What is the signifigance of the Brown Scapular? Some scapulars have the St. Benedict Jubilee medal attached to it, is there a particular blessing that a priest must say to bless it? Thank you for your time.
Answer by Matthew Bunson on 10/7/2007:
The origins of the scapular are generally credited to the Benedictine monks who devised a garment worn (as the Latin name implies) over the shoulder. It was originally a full-length garment that served to protect a monk’s habit and to keep it clean while working in the fields. The scapular was subsequently slightly altered and stylized, becoming one of the key elements in the habits of the religious orders. When the third orders came into being in he 13th century, the scapular was modified further to permit the tertiaries to wear the scapular under their clothing. The modified scapular thus took the shape of two small double squares of cloth – usually the same cloth of the habit of the order. The Scapular is thus understood in two ways. In one sense it is part of the habit of some religious orders, such as the Benedictines and Dominicans; a nearly shoulder wide strip of cloth worn over the tunic and reaching almost to the feet in front and behind. Originally a kind of apron, it came to symbolize the cross and yoke of Christ. The scapulars is also worn by lay persons as a sign of association with religious orders and for devotional purposes are an adaptation of monastic scapulars. Approved by the Church as sacramentals, they consist of two small squares of woolen cloth joined by strings and are worn about the neck. They are given for wearing in a ceremony of investiture or enrollment. There are nearly 20 scapulars for devotional use: the five principal ones are generally understood to include those of Our Lady of Mt. Carmel (the brown Carmelite Scapular), the Holy Trinity, Our Lady of the Seven Dolors, the Passion, the Immaculate Conception.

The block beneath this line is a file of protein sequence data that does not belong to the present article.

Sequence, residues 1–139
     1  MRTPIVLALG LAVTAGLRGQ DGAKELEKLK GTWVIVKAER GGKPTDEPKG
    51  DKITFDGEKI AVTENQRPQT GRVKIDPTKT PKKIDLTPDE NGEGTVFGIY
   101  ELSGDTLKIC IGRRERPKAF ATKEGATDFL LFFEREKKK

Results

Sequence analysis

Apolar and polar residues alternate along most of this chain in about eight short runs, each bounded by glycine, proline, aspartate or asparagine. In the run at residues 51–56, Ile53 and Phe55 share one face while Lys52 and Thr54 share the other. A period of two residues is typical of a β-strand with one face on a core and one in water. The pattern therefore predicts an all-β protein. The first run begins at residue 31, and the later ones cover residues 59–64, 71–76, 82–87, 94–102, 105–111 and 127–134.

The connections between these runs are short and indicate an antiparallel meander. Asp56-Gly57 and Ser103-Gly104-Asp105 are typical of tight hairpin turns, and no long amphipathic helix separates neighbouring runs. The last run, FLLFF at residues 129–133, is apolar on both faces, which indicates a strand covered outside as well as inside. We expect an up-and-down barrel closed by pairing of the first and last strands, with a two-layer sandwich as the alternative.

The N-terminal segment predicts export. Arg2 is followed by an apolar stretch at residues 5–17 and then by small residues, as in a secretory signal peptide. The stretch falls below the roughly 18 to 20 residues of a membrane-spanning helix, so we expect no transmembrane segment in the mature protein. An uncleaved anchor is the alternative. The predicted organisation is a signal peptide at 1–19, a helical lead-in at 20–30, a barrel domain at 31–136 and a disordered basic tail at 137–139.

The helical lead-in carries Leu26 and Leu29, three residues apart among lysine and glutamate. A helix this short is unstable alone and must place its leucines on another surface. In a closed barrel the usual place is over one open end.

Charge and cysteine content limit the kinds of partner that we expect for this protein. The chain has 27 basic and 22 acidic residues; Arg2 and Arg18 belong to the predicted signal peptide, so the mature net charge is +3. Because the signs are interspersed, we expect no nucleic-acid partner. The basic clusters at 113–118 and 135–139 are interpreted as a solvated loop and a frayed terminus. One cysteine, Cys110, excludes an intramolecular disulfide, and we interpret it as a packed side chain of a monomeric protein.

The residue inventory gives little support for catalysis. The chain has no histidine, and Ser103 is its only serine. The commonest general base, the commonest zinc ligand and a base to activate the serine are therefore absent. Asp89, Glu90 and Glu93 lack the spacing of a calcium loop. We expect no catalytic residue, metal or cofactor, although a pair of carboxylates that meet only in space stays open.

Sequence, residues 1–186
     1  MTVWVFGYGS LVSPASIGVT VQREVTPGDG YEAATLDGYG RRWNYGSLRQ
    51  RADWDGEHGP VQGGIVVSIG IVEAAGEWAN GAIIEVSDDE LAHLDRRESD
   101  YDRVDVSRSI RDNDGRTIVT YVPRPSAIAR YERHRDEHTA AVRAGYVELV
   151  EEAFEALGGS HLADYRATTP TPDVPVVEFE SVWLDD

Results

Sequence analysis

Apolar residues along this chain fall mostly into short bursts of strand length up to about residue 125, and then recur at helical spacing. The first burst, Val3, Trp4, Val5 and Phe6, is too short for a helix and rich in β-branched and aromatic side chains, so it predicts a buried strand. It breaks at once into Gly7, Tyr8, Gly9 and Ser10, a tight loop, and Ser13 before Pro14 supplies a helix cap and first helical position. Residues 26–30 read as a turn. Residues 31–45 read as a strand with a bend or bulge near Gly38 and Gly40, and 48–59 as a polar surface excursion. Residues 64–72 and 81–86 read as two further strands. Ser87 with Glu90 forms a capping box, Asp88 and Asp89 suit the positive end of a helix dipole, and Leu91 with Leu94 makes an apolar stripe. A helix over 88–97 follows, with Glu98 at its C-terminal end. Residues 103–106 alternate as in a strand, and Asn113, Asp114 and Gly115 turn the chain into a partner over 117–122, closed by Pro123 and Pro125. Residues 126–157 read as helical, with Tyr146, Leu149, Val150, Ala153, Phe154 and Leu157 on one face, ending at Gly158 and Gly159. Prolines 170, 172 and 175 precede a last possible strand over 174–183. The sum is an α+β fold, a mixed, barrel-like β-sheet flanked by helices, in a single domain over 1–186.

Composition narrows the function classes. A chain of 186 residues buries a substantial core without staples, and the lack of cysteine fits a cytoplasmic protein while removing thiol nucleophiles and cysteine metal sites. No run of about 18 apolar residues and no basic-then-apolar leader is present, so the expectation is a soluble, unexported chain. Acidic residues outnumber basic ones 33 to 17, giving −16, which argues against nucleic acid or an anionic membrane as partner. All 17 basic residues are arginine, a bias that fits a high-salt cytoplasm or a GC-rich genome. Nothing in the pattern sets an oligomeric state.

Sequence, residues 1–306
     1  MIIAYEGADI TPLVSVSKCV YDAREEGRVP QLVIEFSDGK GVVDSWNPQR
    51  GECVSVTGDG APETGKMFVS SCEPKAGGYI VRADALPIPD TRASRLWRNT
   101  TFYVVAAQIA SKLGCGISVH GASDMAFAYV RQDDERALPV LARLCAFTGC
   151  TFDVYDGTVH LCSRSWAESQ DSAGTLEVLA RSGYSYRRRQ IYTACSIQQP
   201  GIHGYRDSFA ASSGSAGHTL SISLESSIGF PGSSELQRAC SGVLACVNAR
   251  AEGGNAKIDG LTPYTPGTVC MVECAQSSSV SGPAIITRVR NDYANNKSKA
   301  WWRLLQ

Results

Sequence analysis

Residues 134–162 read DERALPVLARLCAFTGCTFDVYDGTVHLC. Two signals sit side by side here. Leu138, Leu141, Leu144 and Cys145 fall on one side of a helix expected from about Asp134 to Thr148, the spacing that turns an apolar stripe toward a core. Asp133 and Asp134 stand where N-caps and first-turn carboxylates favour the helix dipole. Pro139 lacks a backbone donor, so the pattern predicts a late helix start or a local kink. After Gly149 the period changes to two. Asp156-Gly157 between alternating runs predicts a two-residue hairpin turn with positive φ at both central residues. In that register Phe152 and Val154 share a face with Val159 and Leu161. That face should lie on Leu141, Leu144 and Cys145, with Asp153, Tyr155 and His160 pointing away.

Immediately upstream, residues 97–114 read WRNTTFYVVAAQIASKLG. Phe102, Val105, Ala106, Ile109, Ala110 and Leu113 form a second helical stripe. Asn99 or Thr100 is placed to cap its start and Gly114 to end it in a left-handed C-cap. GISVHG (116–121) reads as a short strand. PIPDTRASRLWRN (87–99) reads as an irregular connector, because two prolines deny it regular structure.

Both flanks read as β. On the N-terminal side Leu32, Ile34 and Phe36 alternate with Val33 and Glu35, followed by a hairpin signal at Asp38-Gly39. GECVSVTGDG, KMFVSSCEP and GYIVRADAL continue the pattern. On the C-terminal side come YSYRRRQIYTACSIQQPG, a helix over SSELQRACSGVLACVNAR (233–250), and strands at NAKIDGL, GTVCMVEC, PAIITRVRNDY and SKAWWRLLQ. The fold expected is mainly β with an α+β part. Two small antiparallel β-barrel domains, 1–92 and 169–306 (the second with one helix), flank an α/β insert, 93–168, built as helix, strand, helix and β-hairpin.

The Brown Scapular is perhaps the most famous of all the scapulars and is worn by the members of the confraternity of Our Lady of Mt. Carmel. It is the most popular of the eighteen scapulars for several possible reasons. First, it is a reflection of the longstanding popularity of the Third Order of Carmelites; second, it is a scapular that traces its origins to the gift of Our Lady to St. Simon Stock; and third, it is associated with the Sabbatine (or Saturday) Privilege, the promise that any qualified wearer of the scapular will be delivered from purgatory on the Saturday after their death. The privilege originated in a supposed vision of Pope John XXII in 1322. As I understand it, according to Sister Lucia, the Blessed Mother was holding the scapular in her hand on the day of the last apparition at Fatima.